What can we say about Brexit?

What can we say about Brexit?

On the sixth anniversary of the referendum, we explore the trade impact of the UK’s withdrawal from the EU.

June 23, 2022
Karl Philip Nilsson

Six years ago this month, the UK voted in a referendum to leave the EU. The fallout since then continues to divide opinion – with many blaming Brexit for exacerbating the UK’s economic woes brought on by the pandemic, supply chain crisis and most recently, the war in Ukraine. 

Are they right? This blog attempts to show the impact of Brexit on the UK across different areas of trade – though do bear in mind that the aforementioned issues also influenced the following data. 

Total trade

Let’s start by looking at the UK’s total trade – the sum of imports and exports – with both EU and non-EU nations. We can see that during the 21st century UK’s trade with the EU has been significantly higher than with the rest of the world. But the closer we got to the date of Brexit, 1 February 2020, the more even the trade became. At the time of Brexit, the tables had turned and the trade with non-EU countries was higher. Both declined sharply after Brexit, which coincided with the onset of the pandemic, with non-EU trade recovering much more quickly since. 

Macrobond users, access the chart here

Trade balance

Some Brexiteers cite this data as evidence that the UK can thrive without the EU as a main trading partner. But let’s see whether the trade balance – the difference in value between exports and imports – backs this view. 

The chart below shows that since Brexit, the UK’s trade balance with non-EU countries has dropped significantly while the trade balance with the EU has recovered from the historic lows before Brexit. This has been driven mostly by less imports from EU, which we will take a look at later on. 

Macrobond users, access the chart here

Trade partners

Now let’s look at how the UK’s main trading partners have changed since Brexit – both in value and rank – as well as the trade balance with each. 

As the chart below shows, total trade with the UK’s top trading partners has fallen since Brexit – with China, Netherlands, Belgium, Ireland and Norway being notable exceptions. 

Looking at the change in balance of trade with China, we see that it has slid further into negative territory – to minus £ 46 billion. In other words, the UK is importing way more from China than it exports. 

Macrobond users, access the chart here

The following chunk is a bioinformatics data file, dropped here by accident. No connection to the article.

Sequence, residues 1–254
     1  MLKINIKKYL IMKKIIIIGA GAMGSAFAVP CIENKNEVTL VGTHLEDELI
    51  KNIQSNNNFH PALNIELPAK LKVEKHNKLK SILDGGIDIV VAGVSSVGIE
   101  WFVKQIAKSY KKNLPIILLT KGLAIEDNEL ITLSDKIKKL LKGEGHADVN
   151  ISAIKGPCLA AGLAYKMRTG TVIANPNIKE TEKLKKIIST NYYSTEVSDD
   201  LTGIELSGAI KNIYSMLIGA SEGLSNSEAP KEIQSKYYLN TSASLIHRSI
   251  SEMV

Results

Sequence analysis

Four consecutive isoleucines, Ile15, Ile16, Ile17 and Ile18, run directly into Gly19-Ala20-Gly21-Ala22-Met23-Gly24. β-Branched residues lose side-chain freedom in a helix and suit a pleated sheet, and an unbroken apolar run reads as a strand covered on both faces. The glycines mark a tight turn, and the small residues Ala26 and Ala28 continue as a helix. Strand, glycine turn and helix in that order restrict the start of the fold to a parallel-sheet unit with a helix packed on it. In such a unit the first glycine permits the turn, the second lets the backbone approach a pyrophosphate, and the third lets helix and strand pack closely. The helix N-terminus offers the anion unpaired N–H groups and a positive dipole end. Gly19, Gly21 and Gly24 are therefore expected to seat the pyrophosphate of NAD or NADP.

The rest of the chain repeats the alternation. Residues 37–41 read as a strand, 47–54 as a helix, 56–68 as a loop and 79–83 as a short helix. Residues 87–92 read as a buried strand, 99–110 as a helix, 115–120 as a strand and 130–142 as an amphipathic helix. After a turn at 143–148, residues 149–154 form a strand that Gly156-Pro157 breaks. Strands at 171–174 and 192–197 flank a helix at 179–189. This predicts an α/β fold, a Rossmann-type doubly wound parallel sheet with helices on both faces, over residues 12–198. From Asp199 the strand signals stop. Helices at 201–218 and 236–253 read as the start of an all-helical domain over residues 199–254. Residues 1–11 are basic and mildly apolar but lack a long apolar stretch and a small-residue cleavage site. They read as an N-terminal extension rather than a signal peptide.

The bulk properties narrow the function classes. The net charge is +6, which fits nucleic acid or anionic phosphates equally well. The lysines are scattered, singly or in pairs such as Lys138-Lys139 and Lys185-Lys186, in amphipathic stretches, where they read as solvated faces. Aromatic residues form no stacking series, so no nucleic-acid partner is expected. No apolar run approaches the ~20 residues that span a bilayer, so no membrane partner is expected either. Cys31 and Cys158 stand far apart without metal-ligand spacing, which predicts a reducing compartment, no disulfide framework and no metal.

Imports vs exports

Now let’s delve into what’s driving the trade balance. Is it imports increasing or exports decreasing?

Comparing the change in trade between the 12 months before and after Brexit, we can see a drop in exports to both EU and non-EU countries. 

Imports from the EU have also decreased while imports from non-EU countries have risen. Some might argue that the UK has simply substituted imports from the EU with goods from the rest of the world. But if you look at imports by category – you can see this is not true.  

The UK is buying less machinery and transport equipment from the EU, and buying more fuels, chemicals, and manufacturing materials from outside Europe. 

With that said, there’s no like-for-like change in imports from EU to non-EU. Fuel, chemicals, and manufacturing materials are raw materials, while machinery and transport equipment are refined goods. 

Some might argue that imports of refined goods have decreased because production has become more domestic. But this could also be a result of disrupted supply chains and the commodity price shocks following the war in Ukraine. 

Macrobond users, access the chart here

Trade development

Finally, then, let’s compare the UK’s trade development since Brexit with other nations. Our last chart shows the UK is trailing France, Germany and the US in both exports and imports. 

Macrobond users, access the chart here


So, what can we really say about the effects of Brexit? As we have seen, it is hard to say given the drastic impact of other factors such as the pandemic and the resulting supply chain crisis.

Brexiteers and Remainers often try and fit the narrative to their agenda, but hopefully, these charts can show why it’s not all black and white – while helping you track the evolution of UK trade so you can draw your own conclusions about Brexit.